written by Sarah Josepha Hale and illustrated by Tomie dePaola
G. P. Putnam's Sons, New York, 2004
ISBN 0-399-24221-X (Board Book)


Years ago, in the mid-1970's, I was living in Wilmot Flat, New Hampshire (near New London, where I now live) and I suddenly became aware of a "literary award" given by the town of Newport, New Hampshire, 16 miles from Wilmot Flat.

The award was named after Sarah Josepha Hale. It was certainly not without merit.

Sarah Josepha Hale had been born in the nearby village of Guild (pronounced "guile"), home of the recently closed Dorr Woolen Mill. Her brother went north to Dartmouth College and the story goes that when he came home every weekend, he shared his newfound knowledge and information with Sarah.

As young ladies did in the late 1700's, early 1800's, Sarah married, moved to the "big" town of Newport, bore children, wrote poetry, became a widow, moved to Philadelphia and was hired to be the first "FEMALE" editor (in the USA) of Godey's Lady's Book and became VERY FAMOUS!

I like that. Small-time girl becomes educated behind closed doors, goes on to fame and fortune - AND controversy!!! How? you might ask.

Well, here's my favorite part.

The great Italo-American poet John Ciardi was going to be given the SJH Award in 1976. I went over (20 minutes or so by car) to the Richards Free Library and its adjoining Library Arts Center to get a signed book.

I already knew the librarian, Jean Michie. (What a surprise!)

It was a northern New England festive event - punch, cookies, politeness - read quiet.


Ciardi and I started talking louder and louder and then laughing. I don't remember why - but maybe two Italo-Americans (in my case, part Italo-American) in Newport, New Hampshire needed to laugh.

I came home with a signed book (he spelled my first name wrong) and info about SJH.

She - in certain circles - is credited with writing "Mary Had a Little Lamb."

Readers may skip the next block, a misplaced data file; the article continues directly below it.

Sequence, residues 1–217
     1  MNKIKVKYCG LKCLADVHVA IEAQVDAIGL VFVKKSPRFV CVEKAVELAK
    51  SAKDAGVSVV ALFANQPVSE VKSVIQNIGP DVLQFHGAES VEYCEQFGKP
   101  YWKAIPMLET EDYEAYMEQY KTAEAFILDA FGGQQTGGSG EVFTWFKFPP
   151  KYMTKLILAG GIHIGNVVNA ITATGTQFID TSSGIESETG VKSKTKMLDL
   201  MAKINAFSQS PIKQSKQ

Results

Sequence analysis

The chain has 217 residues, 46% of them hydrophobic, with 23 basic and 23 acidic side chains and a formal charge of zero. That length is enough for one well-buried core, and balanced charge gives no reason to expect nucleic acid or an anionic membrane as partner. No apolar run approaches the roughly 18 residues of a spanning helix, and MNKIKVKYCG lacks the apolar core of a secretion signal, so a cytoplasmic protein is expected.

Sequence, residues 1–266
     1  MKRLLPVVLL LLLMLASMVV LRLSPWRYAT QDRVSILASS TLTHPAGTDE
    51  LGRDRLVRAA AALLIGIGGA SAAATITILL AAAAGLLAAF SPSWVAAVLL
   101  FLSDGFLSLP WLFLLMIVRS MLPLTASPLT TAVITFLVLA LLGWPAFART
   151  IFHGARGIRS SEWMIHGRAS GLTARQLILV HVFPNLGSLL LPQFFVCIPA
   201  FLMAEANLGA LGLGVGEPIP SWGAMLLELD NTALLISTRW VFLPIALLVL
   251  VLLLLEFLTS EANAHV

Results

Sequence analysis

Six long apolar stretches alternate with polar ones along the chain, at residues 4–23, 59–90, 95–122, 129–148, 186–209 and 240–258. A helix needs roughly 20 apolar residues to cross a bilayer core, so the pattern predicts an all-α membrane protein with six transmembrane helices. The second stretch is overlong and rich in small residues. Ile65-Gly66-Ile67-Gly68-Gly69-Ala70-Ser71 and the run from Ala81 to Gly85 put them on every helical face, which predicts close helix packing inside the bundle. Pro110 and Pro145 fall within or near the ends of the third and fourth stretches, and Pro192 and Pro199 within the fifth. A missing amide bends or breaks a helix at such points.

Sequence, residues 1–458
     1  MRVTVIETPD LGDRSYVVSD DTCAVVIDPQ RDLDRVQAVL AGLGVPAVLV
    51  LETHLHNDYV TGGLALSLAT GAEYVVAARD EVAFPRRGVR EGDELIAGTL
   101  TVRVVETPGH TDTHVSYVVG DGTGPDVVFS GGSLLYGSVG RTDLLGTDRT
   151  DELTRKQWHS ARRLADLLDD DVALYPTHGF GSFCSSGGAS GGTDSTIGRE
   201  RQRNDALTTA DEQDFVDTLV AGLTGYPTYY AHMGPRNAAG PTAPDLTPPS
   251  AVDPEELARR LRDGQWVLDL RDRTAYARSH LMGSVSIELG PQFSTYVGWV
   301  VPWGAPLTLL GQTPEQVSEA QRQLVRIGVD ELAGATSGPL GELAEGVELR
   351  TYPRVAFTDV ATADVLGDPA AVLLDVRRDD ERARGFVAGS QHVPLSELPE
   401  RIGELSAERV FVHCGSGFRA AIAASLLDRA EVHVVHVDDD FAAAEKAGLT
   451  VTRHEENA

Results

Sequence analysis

A-HA! But, here's the exciting part! In Sterling, Massachusetts, a woman claimed that she was THE Mary and some dour (my word) minister had written the poem - SCANDAL, SCANDAL.


I read ALL the articles of controversy at Richards Free Library. OK, so Henry Ford moved a one-room schoolhouse from Sterling to Sudbury, Massachusetts - adding more fuel to the fire - years after SJH was dead. (Mary Sawyer in Sterling claimed a lamb followed her to the one-room schoolhouse. She said a man wrote a poem about the event.)

SJH swore on her deathbed that she was the sole author of the poem. That was good enough for me.

I shared all of this information with Margery Cuyler, my editor at Holiday House. We agreed to produce a picture book of the poem and credit SJH as the AUTHOR - what fun!

I went to Newport and sketched actual buildings that would have been in Newport at the time of SJH. I even put a portrait of sorts on the title page of an 1850's-1860's lady writing at a desk with a toy lamb pull-toy near her.


And guess what? I ADDED to the controversy. Letters poured in - well, OK, dribbled in - correcting me about the "TRUTH." I sent them to the Richards Free Library whose staff enjoyed answering them.


My picture book, no longer in print from Holiday House, was re-issued in January as a board book by G. P. Putnam's Sons.

Meanwhile, all of the lovely buildings I used in my illustrations are still in Newport looking better than ever.

Two last things. I'VE never won the SJH Award although there is a Tomie dePaola/Strega Nona Storytelling Room at the Richards Free Library.

But, this is more important! Sarah Josepha Hale, due to a tireless letter-writing campaign convinced President Abraham Lincoln to declare a Thursday in November as the National Holiday of Thanksgiving! (She must have liked turkey.)

Sarah Josepha Hale ROCKS!!!

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